Now, when looking at the aesthetics and ergonomics of the pistol it certainly is a pretty piece. But is it at all practical? If you’ve read my review of the Colt 1911, you will remember that I thought the safety feature on the gun could be accidentally engaged when you least want it to, unfortunately, the same applies to this model. Perhaps even more so as the safety lever is far more pronounced than on the 1911. I also found on the 1911 that the slide release lever or lock-back lever is tricky to get to, unless you have a really long thumb – but this is common on all 1911 clones, so it’s not necessarily the fault of this pistol or Marui. Additionally, the magazine release sticks out further than the grip panels, which means it could be accidentally pressed when drawing or returning this pistol to a holster. And unlike the SIG P226, the back-strap on this gun which doubles as the grip safety, sticks out so much it is difficult to move your thumb into a position to cock the hammer. But enough of the negative points, let look at some of the positives. The space in the trigger guard is plenty big enough to accommodate gloved hands, the gas efficiency on this gun is possibly the best we’ve seen (more on this later) and the fully adjustable rear sights make the gun very accurate too. It also appears on closer inspection that the rear sight is removable to allow a 20mm rail to slot in place, perhaps the addition of a red-dot? but we could be wrong and no accessories for that have appeared on the market yet. Because the sights are of the target type, the rear sight does not have white markings on it, which in lower light conditions could make finding your target slightly more difficult, but then when using a pistol in a combat situation, it’s usually fired instinctively, without careful aiming.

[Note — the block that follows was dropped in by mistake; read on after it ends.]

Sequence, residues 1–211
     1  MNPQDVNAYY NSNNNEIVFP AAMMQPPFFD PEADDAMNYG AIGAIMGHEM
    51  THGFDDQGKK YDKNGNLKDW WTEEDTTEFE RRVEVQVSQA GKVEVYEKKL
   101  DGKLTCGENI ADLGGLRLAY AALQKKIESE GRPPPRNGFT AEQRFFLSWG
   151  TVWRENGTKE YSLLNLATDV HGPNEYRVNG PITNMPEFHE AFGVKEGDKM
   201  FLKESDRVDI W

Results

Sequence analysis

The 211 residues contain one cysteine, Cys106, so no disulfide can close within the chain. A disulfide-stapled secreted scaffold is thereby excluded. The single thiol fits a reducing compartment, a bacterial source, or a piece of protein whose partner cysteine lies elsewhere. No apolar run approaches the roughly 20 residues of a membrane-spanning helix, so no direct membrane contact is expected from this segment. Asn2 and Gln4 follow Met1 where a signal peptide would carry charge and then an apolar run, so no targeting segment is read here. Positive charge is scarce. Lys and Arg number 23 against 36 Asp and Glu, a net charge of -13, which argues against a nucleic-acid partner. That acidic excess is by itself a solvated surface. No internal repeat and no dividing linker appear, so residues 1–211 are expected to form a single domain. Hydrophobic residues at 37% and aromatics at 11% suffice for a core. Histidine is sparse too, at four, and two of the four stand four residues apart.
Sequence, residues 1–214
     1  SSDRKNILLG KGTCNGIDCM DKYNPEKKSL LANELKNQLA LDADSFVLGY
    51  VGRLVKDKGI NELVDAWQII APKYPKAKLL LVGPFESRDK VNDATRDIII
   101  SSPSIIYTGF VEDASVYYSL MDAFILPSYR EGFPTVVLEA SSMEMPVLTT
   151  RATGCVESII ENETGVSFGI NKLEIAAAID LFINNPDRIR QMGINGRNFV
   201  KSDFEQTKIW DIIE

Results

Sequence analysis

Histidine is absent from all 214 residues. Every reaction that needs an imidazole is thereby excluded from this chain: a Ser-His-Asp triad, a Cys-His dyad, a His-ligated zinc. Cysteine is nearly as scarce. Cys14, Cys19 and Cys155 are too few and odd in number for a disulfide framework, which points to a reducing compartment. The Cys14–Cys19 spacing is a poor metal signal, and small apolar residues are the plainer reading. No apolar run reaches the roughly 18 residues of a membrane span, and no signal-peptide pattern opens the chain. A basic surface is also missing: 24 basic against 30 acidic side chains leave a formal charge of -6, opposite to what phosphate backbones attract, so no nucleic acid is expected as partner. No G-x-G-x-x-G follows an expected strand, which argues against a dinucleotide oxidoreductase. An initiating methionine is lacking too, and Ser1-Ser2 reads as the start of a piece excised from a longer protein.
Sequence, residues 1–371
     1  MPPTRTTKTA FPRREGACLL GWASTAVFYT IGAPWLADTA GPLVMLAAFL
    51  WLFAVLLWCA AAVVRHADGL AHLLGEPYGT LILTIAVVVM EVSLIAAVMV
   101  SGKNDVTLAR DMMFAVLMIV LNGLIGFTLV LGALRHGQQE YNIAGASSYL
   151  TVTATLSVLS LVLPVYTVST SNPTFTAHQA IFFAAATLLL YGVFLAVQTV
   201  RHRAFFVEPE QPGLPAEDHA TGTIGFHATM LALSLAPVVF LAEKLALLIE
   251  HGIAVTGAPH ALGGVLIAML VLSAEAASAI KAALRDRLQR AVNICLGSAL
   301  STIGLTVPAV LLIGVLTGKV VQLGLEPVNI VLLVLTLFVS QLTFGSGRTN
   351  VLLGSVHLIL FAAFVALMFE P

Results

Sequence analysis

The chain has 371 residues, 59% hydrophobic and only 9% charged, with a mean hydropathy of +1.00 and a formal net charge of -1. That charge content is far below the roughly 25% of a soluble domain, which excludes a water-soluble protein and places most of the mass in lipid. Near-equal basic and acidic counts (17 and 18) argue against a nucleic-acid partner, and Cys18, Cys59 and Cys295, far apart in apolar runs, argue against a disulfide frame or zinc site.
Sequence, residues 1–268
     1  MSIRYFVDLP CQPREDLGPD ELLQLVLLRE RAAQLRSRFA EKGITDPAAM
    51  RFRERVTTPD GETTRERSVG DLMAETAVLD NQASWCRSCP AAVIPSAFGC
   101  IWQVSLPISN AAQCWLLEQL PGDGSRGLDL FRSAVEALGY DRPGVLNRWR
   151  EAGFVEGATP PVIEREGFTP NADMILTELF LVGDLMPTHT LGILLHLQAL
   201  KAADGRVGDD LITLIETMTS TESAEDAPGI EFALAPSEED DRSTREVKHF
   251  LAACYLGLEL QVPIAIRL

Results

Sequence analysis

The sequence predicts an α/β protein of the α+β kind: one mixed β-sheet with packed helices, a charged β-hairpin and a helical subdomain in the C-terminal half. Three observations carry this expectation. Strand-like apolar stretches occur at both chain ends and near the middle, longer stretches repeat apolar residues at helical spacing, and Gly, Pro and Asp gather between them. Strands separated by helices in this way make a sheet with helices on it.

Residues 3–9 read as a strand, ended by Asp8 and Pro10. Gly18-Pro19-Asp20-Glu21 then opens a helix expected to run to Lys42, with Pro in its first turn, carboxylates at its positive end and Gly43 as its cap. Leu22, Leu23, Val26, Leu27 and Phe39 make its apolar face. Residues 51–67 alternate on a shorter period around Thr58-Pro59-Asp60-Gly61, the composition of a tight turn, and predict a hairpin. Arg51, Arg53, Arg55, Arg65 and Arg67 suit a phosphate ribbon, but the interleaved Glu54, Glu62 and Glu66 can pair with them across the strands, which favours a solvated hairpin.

The hop-up on this model is the same ‘wheel’ type that Marui are using on all of their newer gas blowback pistols, and very reliable it is too. To gain access to it, you need to remove the slide. Now on 1911 models, this is a little more tricky than on some others. You need to remove the magazine cock the pistol and then draw the slide back slightly whilst pressing the slide release lever in from the right hand side of the gun. There is a small notch in the slide that needs to be in-line correctly for the pin to be removed. On the plus side, the reliability of the hop-up means once it’s set, it will remain where you’ve put it, and you won’t need to remove the slide again apart from maintenance.